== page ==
ProtonMail, the encrypted email service created in 2013 by a group of engineers who met at the European Organization for Nuclear Research (CERN), said Thursday it has launched a Tor hidden service to combat censorship and surveillance of ProtonMail users.

The encrypted email service has grown astronomically from its humble beginnings, and is currently the world’s largest encrypted email service, serving more than 2 million users.

According to ProtonMail, this recent step is necessary due to the increasing restriction of civil liberties across the globe. The company said Western democracies such as the US are a part of this trend, and it has come to the point where it is “simply not possible to run a privacy focused service in the US or in the UK.”

ProtonMail takes its role as a tool for freedom of speech seriously, especially with the surge in demand for the service. The company created a new onion site to enable users access the Tor network, and users have to first set up Tor on their computer before they can use the site.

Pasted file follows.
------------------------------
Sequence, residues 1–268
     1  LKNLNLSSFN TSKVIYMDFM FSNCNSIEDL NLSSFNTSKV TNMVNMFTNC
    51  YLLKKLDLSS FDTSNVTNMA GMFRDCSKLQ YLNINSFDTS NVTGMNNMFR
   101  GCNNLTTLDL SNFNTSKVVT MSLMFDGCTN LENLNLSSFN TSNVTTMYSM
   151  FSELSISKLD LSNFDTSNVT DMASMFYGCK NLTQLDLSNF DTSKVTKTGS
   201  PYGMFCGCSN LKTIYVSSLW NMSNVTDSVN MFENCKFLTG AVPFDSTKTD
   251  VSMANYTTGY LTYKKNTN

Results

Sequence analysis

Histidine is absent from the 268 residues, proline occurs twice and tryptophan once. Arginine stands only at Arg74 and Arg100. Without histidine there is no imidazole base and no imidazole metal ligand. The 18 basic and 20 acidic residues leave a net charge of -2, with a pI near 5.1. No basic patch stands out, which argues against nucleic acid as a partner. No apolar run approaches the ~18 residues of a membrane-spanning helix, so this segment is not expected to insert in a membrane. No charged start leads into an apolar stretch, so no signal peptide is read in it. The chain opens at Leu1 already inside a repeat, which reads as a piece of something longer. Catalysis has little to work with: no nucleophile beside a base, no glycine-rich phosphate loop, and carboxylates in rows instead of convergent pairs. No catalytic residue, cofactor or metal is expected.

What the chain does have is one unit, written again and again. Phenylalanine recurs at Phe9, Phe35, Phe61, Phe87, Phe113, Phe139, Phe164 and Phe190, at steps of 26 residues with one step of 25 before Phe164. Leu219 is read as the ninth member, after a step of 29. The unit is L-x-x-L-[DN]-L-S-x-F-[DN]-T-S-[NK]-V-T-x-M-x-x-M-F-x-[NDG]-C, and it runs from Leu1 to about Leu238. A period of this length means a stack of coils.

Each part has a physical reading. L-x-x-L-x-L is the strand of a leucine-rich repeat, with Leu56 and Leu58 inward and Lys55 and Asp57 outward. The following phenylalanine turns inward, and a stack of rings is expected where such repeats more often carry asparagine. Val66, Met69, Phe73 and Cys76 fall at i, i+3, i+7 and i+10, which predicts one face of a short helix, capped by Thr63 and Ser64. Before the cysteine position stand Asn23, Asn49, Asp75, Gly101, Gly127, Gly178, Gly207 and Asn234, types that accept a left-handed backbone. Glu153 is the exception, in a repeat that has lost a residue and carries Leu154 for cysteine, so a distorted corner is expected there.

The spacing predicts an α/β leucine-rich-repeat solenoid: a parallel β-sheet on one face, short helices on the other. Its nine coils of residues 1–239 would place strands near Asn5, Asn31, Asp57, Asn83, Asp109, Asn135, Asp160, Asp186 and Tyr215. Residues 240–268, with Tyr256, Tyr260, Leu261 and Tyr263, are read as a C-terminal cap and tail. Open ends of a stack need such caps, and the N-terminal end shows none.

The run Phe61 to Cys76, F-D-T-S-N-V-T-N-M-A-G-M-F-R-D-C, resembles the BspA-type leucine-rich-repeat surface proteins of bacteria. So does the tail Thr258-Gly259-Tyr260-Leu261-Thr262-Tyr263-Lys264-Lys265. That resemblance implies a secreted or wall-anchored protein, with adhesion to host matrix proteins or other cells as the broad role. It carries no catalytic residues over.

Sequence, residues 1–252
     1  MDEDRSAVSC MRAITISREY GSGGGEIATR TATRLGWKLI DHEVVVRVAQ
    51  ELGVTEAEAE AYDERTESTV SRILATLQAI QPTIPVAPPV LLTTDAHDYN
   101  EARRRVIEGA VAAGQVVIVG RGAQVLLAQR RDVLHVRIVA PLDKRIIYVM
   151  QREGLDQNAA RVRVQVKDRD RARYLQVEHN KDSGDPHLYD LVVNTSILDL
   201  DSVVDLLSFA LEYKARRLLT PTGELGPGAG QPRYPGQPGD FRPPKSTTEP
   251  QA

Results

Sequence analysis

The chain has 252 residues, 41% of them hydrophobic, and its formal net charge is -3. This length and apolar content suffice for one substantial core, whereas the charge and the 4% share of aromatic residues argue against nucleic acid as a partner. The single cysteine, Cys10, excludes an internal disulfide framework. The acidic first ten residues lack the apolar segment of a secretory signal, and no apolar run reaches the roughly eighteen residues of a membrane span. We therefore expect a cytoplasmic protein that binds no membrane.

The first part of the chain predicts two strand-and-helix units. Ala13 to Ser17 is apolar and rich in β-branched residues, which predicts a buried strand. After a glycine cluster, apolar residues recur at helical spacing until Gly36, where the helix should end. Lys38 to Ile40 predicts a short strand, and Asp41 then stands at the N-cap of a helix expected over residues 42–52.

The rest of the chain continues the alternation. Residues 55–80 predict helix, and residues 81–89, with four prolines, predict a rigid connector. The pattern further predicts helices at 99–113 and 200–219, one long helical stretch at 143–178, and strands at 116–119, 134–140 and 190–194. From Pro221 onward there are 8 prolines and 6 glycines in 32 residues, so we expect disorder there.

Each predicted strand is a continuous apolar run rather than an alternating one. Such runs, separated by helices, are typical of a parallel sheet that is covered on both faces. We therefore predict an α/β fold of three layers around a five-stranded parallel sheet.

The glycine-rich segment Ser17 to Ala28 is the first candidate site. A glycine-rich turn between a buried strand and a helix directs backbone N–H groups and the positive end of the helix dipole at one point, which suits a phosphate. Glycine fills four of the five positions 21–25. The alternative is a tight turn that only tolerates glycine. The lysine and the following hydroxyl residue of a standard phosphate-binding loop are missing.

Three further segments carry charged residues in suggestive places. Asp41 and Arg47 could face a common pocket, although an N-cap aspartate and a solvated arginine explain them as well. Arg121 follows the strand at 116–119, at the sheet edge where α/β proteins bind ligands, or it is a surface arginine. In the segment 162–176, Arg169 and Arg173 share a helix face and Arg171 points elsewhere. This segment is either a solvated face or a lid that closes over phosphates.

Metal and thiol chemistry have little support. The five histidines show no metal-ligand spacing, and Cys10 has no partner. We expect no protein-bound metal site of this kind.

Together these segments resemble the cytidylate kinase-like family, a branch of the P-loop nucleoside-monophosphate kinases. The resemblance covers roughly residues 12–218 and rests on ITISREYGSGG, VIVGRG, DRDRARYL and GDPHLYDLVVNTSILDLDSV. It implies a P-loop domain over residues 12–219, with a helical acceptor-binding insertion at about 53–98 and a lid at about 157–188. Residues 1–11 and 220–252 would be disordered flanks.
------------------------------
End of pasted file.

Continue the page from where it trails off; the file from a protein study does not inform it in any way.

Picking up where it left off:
Routing your traffic to ProtonMail through the Tor network makes it difficult for an adversary wiretapping your internet connection to know that you are using ProtonMail, the company said.

Tor applies extra encryption layers on top of your connection, making it more difficult for an advanced attacker to perform a man-in-the-middle attack on your connection to ProtonMail. Tor also makes your connections to ProtonMail anonymous as the company will not be able to see the true IP address of your connection to ProtonMail.

Using Tor does come with some downsides however. Tor connections typically are much slower than a standard internet connection, so performance will suffer as a result.